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Wednesday, 31 October, 2001, 18:12 GMT
WWI soldier finally laid to rest
Sgt Major Hayden Aldred with Jay Wilkinson
Jay Wilkinson attended the service for his great-great-grandfather
A solider has been buried with full military honours - more than 80 years after he died in battle.

Private Harry Wilkinson, of the 2nd Battalion Lancashire Fusiliers, was laid to rest at Prowse Point Cemetery in Belgium on Wednesday.

His great-great-grandson Jay Wilkinson, nine, and the Duke of Kent were among those who gathered for the service.

In the muddy fields of Flanders they struggled together to conquer fear and pain....

Chaplain Ray Jones
His burial came as a special ceremony was due to take place at Ypres to mark the 25,000th sounding of the Last Post.

The service for Mr Wilkinson took place just a mile from where the soldier, from Bury, Lancashire, fell on a Flanders battlefield on 10 November 1914.

The burial was possible after the remains of Mr Wilkinson, who was 29, were found by a Belgian historian searching a section of the battlefield near Warneton, close to the French border in January last year.

Identity tag

He was identified by the artefacts found with him and forensic examination.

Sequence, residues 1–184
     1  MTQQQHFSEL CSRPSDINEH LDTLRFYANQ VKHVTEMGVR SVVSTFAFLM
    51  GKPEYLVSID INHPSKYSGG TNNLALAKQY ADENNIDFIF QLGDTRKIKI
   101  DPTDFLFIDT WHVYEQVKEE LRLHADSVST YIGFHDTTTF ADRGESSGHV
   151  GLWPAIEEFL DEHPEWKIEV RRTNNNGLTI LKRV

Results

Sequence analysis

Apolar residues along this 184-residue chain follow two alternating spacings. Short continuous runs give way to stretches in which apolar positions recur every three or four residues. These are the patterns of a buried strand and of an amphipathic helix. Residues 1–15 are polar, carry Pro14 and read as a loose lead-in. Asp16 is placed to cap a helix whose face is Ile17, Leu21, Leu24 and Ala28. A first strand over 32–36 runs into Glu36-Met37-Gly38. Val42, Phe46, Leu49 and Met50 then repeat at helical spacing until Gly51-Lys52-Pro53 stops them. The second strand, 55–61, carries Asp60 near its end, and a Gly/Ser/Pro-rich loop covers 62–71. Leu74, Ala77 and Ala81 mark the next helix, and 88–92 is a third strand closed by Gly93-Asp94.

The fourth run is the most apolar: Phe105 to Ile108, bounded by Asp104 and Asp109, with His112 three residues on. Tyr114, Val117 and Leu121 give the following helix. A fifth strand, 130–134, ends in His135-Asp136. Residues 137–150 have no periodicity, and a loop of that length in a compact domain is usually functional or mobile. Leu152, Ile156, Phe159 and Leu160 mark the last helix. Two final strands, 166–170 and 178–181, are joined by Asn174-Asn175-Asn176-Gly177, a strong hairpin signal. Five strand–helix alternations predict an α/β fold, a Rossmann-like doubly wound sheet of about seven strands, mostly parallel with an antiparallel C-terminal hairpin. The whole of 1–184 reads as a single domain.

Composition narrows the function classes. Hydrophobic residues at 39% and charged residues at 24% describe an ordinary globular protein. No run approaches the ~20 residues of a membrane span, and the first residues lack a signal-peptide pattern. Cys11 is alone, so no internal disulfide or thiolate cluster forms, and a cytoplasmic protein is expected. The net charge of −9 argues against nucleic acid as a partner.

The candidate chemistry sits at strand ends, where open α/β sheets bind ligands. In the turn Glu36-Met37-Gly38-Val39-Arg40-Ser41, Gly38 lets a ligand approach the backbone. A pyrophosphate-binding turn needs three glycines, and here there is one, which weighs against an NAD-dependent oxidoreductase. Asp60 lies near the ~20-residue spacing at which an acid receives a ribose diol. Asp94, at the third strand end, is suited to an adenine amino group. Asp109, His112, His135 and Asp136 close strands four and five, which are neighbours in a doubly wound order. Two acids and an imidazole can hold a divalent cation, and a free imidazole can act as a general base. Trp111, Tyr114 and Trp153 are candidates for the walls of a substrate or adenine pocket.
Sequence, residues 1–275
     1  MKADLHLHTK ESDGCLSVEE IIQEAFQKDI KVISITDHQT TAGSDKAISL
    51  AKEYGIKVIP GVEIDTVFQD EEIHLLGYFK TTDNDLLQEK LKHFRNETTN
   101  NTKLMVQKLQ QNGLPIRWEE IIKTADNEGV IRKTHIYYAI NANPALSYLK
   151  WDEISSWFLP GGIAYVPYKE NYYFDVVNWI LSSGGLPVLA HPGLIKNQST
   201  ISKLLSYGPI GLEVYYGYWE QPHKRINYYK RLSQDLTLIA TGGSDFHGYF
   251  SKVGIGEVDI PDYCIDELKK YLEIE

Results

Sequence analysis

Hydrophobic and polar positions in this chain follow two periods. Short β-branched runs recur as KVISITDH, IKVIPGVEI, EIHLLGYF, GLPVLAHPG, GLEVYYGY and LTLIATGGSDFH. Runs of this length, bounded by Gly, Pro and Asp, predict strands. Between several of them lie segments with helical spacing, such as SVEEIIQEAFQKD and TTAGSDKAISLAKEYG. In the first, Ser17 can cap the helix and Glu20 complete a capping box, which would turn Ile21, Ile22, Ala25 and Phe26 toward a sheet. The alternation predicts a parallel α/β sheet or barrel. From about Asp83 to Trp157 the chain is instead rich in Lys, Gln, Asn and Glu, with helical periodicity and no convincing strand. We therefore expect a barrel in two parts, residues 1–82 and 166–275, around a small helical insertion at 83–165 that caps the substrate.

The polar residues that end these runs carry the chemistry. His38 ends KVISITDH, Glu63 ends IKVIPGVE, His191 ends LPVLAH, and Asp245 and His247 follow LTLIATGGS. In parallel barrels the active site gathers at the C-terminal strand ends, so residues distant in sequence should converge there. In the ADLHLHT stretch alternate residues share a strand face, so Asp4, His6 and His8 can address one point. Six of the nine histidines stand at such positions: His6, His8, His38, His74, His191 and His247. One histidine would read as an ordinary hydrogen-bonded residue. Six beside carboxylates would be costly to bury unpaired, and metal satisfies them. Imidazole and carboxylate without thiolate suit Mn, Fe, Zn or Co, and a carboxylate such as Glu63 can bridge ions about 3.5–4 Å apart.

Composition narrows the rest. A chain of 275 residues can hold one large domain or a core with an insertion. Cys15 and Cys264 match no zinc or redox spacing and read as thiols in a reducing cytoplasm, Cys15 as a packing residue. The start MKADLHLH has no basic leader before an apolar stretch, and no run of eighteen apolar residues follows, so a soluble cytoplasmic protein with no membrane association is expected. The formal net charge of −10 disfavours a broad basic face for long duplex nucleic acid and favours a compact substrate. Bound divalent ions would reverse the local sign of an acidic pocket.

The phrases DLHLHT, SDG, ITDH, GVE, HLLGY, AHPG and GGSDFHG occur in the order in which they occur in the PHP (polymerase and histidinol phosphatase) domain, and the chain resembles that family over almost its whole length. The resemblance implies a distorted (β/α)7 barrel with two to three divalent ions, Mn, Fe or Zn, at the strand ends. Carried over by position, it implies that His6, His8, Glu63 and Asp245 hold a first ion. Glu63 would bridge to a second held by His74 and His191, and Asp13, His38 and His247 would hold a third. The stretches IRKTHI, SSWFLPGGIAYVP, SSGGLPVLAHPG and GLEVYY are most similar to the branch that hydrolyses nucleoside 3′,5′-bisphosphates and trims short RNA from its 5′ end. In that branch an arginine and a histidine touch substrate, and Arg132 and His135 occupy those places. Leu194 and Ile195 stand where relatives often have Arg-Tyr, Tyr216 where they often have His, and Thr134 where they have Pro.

Found with him was his identity tag disk and a Lancashire Fusiliers cap badge.

Private  Harry Wilkinson
Private Harry Wilkinson was lost in battle on 10 November 1914
Ray Jones, Chaplain of St George's memorial Church in Ypres, said that it was a testimony to the efforts of those who had worked to identify soldiers from the First World War that after 80-odd years later they had been laid to rest.

"In the muddy fields of Flanders they struggled together to conquer fear and pain and fight in countryside that gave them little shelter from the weather or the enemy," he said.

The coffin was carried by six members of the 1st Battalion, the Royal Regiment of Fusiliers to music from the Minden Band from the Queen's Division based in Germany.

Corporal Gary Tarbuck, from Oldham, said: "It is an honour burying a man who has been left lying on the battlefield for so long. It is what he deserves."

Last Post

The Last Post was played as the duke and members of Mr Wilkinson's family laid wreaths at his graveside.

Great-granddaughter Annette Wilkinson with her son Jay and granddaughter June Brammer wipes away a tear
Private Wilkinson's family gathered for the service in Belgium
Later on Wednesday Mr Wilkinson was due to be honoured again with the playing of the Last Post at the Menin Gate in Ypres.

Since 1928 the Last Post has been played each day at 2000 to remember those commemorated on the gate war memorial.

To mark the 25,000th sounding of the Last Post, a short service will take place at the gate on Wednesday afternoon, attended by the Duke of Edinburgh and Prince Phillipe of Belgium.

As part of the commemoration a different soldier, sailor or airman killed during the 1914-1918 War is to be honoured each day for a year.

Mr Wilkinson, who was killed during an attack by the 2nd Battalion Lancashire Fusiliers in the triangle area of Le Touquet, Le Bixet and Ploegsteert, will be the first to be honoured in this way at the regular sounding of the Last Post at 2000 on Wednesday.

The BBC's Robert Hall
"It's future should forever reflect its past"
See also:

11 Nov 99 | UK
War dead remembered
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